Losing Weight Is a Battle I Just Can't Seem to Win

woman working outWomen and weight. We go together sort of like Jekyll and Hyde in the way that we love, hate, can't live without each other. As a lady, I'm always aware of my weight and it's so frustrating. I don't want to worry about the numbers on the scale, but try as I may to stop, I still do.

Even if I didn't want to, I could still count calories faster than I could ever recite the ABC's. But my problem with working out is that it's a lifestyle. You can't work out for a week, take three months off, work out for a day (not like I'm speaking from personal experience or anything ... but, uh). It's not a phase. And that's totally why maintaining my weight is such a challenge for me.


Aside from hitting the gym, I do everything else right. I eat a healthy, well-balanced diet. I fight the urge to consume pizza nonstop all day, every day, and stick to a menu that's more inviting of fruits, veggies, grains, and lean proteins. I walk whenever I can, take the stairs when it's possible, and stay as far from cookies, cake, cannolis, and cupcakes as I can possibly manage (but to be honest, I cave sometimes).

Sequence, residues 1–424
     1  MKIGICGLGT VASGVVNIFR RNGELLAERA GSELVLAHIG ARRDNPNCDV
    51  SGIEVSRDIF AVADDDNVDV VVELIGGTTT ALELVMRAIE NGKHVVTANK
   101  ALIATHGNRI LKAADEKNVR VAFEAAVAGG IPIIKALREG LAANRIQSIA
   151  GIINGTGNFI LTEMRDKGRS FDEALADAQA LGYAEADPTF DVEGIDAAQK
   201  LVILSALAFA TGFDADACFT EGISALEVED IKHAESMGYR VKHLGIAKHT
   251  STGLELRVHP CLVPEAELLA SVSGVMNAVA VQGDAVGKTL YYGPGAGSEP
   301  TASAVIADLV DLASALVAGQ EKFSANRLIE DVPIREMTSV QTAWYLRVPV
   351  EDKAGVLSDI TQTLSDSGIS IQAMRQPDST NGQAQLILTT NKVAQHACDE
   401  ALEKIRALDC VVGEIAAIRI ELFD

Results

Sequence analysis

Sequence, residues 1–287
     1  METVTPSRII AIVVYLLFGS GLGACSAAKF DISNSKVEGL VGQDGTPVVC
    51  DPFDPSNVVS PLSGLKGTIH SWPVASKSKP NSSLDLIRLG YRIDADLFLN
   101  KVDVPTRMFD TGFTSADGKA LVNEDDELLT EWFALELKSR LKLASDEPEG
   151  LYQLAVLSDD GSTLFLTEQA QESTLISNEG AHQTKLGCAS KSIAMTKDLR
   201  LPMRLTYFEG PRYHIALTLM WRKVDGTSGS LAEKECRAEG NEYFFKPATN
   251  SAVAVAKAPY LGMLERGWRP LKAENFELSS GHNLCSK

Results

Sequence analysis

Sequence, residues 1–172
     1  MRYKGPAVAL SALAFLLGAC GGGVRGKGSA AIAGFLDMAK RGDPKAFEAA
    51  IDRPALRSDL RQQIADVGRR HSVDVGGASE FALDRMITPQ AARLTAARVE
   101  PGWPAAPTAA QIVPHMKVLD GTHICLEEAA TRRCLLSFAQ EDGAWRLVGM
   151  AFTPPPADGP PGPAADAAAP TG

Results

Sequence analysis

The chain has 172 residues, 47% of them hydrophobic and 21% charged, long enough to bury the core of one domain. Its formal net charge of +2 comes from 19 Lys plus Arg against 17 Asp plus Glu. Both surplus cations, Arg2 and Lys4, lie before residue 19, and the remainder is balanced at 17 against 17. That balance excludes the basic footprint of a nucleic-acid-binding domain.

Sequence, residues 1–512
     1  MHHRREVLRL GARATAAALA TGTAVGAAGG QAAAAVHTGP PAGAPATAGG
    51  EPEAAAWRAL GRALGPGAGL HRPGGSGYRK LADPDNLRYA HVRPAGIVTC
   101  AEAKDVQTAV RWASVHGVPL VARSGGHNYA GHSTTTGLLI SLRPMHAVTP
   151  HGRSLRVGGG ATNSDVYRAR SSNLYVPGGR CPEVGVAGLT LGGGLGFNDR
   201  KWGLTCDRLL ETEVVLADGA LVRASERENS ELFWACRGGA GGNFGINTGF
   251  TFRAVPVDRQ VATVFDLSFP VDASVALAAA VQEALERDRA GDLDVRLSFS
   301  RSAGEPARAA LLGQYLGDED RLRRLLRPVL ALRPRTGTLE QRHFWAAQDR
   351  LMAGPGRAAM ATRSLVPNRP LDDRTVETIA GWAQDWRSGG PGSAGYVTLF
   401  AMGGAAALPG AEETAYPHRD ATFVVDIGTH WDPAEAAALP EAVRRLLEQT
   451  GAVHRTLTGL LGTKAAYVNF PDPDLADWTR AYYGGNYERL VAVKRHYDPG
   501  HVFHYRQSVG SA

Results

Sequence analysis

The endless, ongoing fight I have with my weight and my desire to rack up hours at the gym is incredibly disheartening. I'm angry at myself and the toll skipping the gym leaves on my body.

Still, I love my figure. It's mine. I like my shape. I may spend hours fantasizing about what it'd be like to have a figure identical to Jennifer Lopez, but overall -- this is my figure and it works for me. I don't have any glaring body image issues. But every day brings with it a brand new battle of my bulge. I couldn't begin to tell you how many times I've worried that my next cupcake will leave me with a muffin top.

I played sports growing up and I'm honestly into the whole idea of a fitness routine. I genuinely like the gym atmosphere. I like seeing people working toward a better body and better health. I've played competitive sports for as long as I can remember, which to me is a really long time. But every seven months or so, I hit a plateau so hard, it knocks me off my feet. I'll be training for a marathon and wham! I wake up one morning and I’m over working out. There's no rhyme or reason. Just over it like it was yesterday's news. And for months it lags on. No desire to be in shape. No interest at all. I'm on a vacation from working out and I can't figure out how to get back home.

I know that I'll never be satisfied until I strike a balance that works for me. But finding that balance -- and holding on to it -- is something that's nearly impossible to do. After a long day of work, the last war I want to wage is the one against my motivation.

Is going to the gym a struggle for you too? Got any tips?


Image via lululemon athletica/Flickr

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